By: Michael Walton II
The Chicago Bulls have entered the post-Derrick Rose era with a flurry of moves that have left many fans trying to figure out exactly what Gar Forman and John Paxson are trying to accomplish with their team. As signified by the two-year deal with Rajon Rondo, the Bulls are a franchise that refuses to let themselves drop to the bottom. This means that Chicago’s management would prefer to be in the dreaded middle instead of tanking to acquire a high-lottery pick.
With that in mind, this move does have room for some upside. Rondo comes to the Bulls on a two-year deal that is reported to be only partially guaranteed in the second year.
Partial guarantee on year 2 with Rondo, so basically a one year, make good rental
— Vincent Goodwill (@vgoodwill) July 3, 2016
Rondo’s mutual option means the Bulls and Rondo each have the option after year 1 to walk away or continue. Player and team option
— Vincent Goodwill (@vgoodwill) July 3, 2016
With the “mutual option”, Rondo and Bulls working on the language as far as dates/guarantees. I’ll clarify when given…clarity
— Vincent Goodwill (@vgoodwill) July 4, 2016
Though initial reports suggested the move was fully guaranteed, this move allows the Bulls to retain their long-term financial flexibility while adding a starting point guard, who, for all of his flaws, was atop the remaining point guard crop of free agents. He’s certainly an upgrade over any flotsam currently on the roster.
Under Fred Hoiberg the Bulls are supposed to play with pace. Hoiberg wants his squad to use up a ton of possessions in order to tire out the opposition and create easy offense. And while Rondo is not a space-the-floor shooter, his incredible playmaking ability will help him orchestrate the offense. This is a much needed skill for a Bulls team that last year appeared to be disorganized much of the time on offense.
Rondo comes from a Sacramento Kings team that just led the league in pace (102.24) and finished 11 ranks higher (Kings 14th, 103.3) than the Bulls (25th, 102.1) in Offensive Rating. This should present some relief for Hoiberg, whose main source of friction with Derrick Rose was Rose’s refusal to push the ball up the floor quickly.
Rondo is well-known as stubborn, even defiant at times, but his ability to raise the offensive game of his teammates is unquestioned. According to ESPN.com, Rondo’s teammates shot an effective field goal percentage of 54.3 percent off of his passes last year, 2.9 percent higher than the effective field goal shooting on passes from Rose. Rose also couldn’t seem to play his best ball at the same time as Butler, an issue that doesn’t figure to be a factor with the pass-first Rondo. Last season Rose and Butler combined for 632 assists on the season- Rondo had 839.
With Rondo and Butler pushing the ball the Bulls offense will surely improve, as shooters like Nikola Mirotic and Doug McDermott will be served on-point passes unlike any they have received so far. Having a capable floor general like Rondo should also help Bobby Portis sculpt his hyper-active presence from last year into a serious pick-and-roll/pop threat.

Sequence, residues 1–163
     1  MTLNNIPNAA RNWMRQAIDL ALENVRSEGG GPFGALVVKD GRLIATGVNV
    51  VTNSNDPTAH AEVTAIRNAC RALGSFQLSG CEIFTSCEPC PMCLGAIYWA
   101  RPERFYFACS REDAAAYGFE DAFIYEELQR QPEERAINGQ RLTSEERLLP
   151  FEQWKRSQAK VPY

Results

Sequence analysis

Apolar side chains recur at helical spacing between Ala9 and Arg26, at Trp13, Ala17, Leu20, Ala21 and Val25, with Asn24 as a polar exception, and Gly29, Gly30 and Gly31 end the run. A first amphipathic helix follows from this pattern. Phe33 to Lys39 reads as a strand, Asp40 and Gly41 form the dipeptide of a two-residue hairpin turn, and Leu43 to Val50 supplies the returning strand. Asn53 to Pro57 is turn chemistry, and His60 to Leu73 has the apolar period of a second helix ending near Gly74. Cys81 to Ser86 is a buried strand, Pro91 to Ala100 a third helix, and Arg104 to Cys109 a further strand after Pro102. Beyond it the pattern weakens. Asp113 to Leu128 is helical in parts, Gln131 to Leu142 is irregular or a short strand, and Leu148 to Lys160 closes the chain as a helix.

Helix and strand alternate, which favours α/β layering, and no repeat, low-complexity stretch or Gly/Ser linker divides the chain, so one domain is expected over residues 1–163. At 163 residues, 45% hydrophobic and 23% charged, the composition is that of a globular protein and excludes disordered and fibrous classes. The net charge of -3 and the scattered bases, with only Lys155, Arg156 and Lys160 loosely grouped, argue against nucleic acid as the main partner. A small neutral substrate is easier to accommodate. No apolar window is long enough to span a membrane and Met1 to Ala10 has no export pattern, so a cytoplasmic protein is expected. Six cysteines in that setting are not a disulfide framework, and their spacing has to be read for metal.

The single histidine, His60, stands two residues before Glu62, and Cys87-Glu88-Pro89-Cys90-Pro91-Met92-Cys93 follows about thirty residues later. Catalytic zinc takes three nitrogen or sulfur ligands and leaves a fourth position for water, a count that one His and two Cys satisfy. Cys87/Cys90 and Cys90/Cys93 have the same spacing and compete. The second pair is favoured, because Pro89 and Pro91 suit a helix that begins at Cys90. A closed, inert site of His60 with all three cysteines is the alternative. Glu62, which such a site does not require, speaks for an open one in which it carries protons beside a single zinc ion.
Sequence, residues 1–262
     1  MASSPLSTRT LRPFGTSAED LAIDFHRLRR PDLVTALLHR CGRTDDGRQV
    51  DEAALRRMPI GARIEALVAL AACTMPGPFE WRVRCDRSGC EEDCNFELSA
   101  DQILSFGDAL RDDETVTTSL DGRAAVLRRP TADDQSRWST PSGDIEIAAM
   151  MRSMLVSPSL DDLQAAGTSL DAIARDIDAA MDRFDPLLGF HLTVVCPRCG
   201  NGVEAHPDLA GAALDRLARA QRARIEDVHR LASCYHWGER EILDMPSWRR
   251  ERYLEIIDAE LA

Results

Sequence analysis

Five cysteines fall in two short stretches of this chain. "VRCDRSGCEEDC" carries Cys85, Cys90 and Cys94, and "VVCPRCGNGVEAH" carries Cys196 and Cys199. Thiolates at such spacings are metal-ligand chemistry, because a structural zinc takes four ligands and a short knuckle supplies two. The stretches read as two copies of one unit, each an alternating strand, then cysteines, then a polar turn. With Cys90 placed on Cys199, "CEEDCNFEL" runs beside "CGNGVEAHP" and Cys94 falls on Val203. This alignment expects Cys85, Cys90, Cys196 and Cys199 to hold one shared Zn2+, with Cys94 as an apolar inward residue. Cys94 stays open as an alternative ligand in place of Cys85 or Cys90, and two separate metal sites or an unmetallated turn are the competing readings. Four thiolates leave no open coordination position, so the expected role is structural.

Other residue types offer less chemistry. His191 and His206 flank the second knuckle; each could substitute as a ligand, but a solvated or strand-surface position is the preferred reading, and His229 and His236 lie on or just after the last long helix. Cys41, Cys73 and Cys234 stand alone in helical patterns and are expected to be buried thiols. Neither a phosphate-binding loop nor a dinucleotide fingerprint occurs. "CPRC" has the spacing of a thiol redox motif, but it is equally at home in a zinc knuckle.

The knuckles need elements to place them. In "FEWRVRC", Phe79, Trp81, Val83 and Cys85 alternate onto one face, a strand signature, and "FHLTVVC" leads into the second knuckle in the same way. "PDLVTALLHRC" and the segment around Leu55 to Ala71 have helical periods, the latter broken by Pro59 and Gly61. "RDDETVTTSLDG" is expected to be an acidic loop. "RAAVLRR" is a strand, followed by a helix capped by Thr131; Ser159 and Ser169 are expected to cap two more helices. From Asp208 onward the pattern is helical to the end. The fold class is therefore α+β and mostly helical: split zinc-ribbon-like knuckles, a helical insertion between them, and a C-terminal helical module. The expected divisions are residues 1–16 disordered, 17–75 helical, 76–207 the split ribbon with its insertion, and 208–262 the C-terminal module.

There are some bigger question marks with this move, however, including Rondo’s defensive willingness and shooting. Last year, Rondo’s defensive rating was 107 compared to Rose’s 110, showing that, even if he continues to lack motivation on the defensive end, he is a slight upgrade over Rose. Known for his excessive gambling, Rondo had nearly 100 more steals than Rose last season, which could lead to an uptick in fast break opportunities, an area where the Bulls struggled mightily last year, scoring the third fewest fast break points per game.
Though Rondo has never been known as a shooter, he did notch a career-high in 36.5 percent on 3-pointers last season. Importantly, Rondo has never taken more than 12.2 FGAs per game in his career, which will give all the more shots to Butler and company.
After moving on from Rose, the Bulls have finally established their go-to, franchise player, even if they now have a peculiar supporting cast. Part of the reason Rose and Butler couldn’t work together is because of their similarity in play style; that they were both non-shooting, score-first attackers. Despite Rondo’s lack of shooting threat, his “true point-guard” qualities do fit better with Butler, in theory.
The Bulls waited for the free-agency market to thin out, and negotiated a reasonable contract with a veteran who will help uphold their place as a top rebounding team, set the tempo for the offense Hoiberg envisioned, and serve Butler some of the easiest buckets of his career.
Bulls fans may not be happy with a move that seems to be the basketball equivalent of treading water, but at the end of the day, this move needs to be evaluated as what it is cut and dry: a short-term, cost-efficient upgrade at point guard.
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